The number of meals: myths and misconceptions.

The number of meals: myths and misconceptions.

The notion of eating a little every few hours can be found in countless books, and slimmed-down individuals go to the point of absurdity as they attempt pathologically meticulous adherence to their ideal eating schedule. Everyone has probably heard someone leave the workplace and go to the bathroom to eat a perfectly balanced meal on time, or avoid partying or going to a restaurant for the same reason.

“Boost of matebolism”?

The most common argument is that eating more often and in small portions “boosts the metabolism.” It is based on the thermal effect of food, and on the fact that metabolism does increase slightly during digestion. The thermal effect of food (TEF) depends on the amount eaten (and is approximately 10% of the calories ingested). So if you eat 1800 calories a day, your TEF will be 180 calories. If you have 6 meals of 300 kcal each, then each meal will consume 30 kcal, or 180 in total. If you have 3 x 600 kcal meals, the TEF from each meal will be 60 kcal, which is as a result, it will again give 180 per day. In other words, the number of meals per day will not in any way affect the energy expenditure for digestion or the thermal effect of food.

“Fasting mode”?

Another common misconception is that skipping one meal or just a long gap between meals will cause the body to go into “fasting mode”, store calories and avoid using fat in every possible way (or even slow down the metabolic rate). Breakfast is especially often mentioned for some reason. Allegedly, the morning meal “starts the metabolism” for the next day, and skipping breakfast makes the body go into a “fasting mode”. In fact, this idea is also based on a false understanding of the thermal effect of food.

The idea that skipping a meal reduces the body’s energy expenditure, or “triggers a fasting regimen,” comes from some fairly old studies in mice and rats, and they certainly have a lower energy expenditure in the absence of food, even for a short period of time. Here it should be borne in mind that small animals have a short lifespan, mice live about two years and rats a little longer.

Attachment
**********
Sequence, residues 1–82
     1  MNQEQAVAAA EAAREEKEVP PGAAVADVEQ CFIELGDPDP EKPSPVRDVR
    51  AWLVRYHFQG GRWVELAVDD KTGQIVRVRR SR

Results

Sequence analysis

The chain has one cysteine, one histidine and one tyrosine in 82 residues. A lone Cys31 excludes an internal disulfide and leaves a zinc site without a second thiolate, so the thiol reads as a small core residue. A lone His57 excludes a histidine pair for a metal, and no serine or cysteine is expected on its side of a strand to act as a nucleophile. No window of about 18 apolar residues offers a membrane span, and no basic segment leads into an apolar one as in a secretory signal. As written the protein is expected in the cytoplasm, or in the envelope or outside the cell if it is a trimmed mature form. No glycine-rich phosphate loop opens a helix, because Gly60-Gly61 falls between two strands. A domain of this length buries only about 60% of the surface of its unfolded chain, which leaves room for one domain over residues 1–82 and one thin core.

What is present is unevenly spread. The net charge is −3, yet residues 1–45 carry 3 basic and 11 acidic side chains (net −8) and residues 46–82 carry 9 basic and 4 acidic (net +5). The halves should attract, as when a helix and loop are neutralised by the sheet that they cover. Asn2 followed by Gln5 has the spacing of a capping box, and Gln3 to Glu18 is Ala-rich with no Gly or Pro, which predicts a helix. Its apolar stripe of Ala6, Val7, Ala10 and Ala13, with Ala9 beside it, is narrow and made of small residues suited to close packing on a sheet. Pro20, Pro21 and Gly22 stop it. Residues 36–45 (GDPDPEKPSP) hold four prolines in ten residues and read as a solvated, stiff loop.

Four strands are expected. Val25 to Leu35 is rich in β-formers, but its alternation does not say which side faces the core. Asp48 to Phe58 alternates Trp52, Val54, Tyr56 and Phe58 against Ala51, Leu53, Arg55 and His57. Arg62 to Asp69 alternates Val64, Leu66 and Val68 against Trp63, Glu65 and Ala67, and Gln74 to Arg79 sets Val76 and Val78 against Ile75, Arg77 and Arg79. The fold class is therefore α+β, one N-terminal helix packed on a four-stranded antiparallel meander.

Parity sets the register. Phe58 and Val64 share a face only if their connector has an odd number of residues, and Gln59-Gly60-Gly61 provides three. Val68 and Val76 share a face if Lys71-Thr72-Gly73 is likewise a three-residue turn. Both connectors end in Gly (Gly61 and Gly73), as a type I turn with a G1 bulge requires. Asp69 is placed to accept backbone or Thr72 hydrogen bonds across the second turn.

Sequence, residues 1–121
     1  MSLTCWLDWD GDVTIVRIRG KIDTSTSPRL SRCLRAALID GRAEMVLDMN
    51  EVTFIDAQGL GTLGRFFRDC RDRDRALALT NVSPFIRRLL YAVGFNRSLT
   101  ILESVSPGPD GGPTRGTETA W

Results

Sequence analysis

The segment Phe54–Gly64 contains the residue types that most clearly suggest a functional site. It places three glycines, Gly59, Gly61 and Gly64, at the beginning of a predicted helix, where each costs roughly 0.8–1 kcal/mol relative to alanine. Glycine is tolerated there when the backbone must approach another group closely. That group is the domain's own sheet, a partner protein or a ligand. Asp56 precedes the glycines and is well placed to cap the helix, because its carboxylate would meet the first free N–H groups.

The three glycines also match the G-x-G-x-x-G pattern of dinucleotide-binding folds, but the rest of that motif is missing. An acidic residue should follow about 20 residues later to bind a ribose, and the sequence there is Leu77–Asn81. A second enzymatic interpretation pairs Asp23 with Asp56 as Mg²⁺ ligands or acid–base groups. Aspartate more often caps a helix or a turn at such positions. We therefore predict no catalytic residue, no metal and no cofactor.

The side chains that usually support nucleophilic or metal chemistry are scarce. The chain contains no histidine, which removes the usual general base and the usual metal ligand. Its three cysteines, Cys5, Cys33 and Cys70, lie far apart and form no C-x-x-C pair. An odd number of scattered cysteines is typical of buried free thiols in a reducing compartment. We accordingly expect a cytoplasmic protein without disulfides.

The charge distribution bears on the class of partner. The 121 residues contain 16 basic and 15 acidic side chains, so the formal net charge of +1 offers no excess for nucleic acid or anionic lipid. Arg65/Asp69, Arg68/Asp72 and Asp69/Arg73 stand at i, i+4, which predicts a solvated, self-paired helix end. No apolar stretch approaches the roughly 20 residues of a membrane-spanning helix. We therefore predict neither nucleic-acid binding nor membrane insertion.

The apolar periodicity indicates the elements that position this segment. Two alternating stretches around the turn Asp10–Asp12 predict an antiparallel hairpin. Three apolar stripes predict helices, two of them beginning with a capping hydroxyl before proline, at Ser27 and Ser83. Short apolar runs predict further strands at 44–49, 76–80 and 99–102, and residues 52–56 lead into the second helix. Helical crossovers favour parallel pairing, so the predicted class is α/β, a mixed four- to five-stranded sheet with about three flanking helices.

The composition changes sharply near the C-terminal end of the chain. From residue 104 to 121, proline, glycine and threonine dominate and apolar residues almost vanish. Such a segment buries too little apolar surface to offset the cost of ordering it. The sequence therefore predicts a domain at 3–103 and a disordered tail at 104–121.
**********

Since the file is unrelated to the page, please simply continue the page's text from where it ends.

Speed up fat burning?

“Speed up fat burning”?

In addition, these animals do not have very large fat reserves. So that even a slight caloric deficit can be dangerous for them. In the case of very small animals, skipping even one meal can lead to death. This means that skipping one meal or starving during the day in such animals will be a much larger share of their total life span than for humans. One meal for a mouse can be equal to a day or more food for a human; and one day without food is similar to our 4-7 days. Human metabolic rate does not decrease during the first 3-4 days of complete starvation. And some studies show that it even increases slightly. A single meal does not mean anything at all. Remember that it takes your brain 3-4 days to simply notice changes in leptin levels.

It is almost universally believed that eating more frequent meals will speed up fat burning and help maintain lean mass during the dieting period. But this is only true when there is an extreme difference in the number of meals. And even then, only when protein intake is insufficient. When there is a lot of protein, the number of meals is more or less indifferent. The main thing is to take care of the intake of protein in sufficient quantities.

What research says about number of meals?

Research results clearly show that the number of meals (3-4) does not affect either fat loss or maintenance of lean mass. The notion that there is some optimal amount of meals is simply wrong. For some people, especially women with low weight, fewer meals a day may be more optimal.

There are also some other benefits that a fractional diet is said to provide. Such as keeping blood sugar stable or not hungry. The first of these ideas is usually supported by studies with a completely unrealistic scenario. Those that compare, say, 3 meals versus 17 tiny “meals”. But this has nothing to do with life. Even with satiety and hunger, a moot point. One recent study found that eating smaller meals more often resulted in people feeling hungrier. And fractional meals do not help burn fat.

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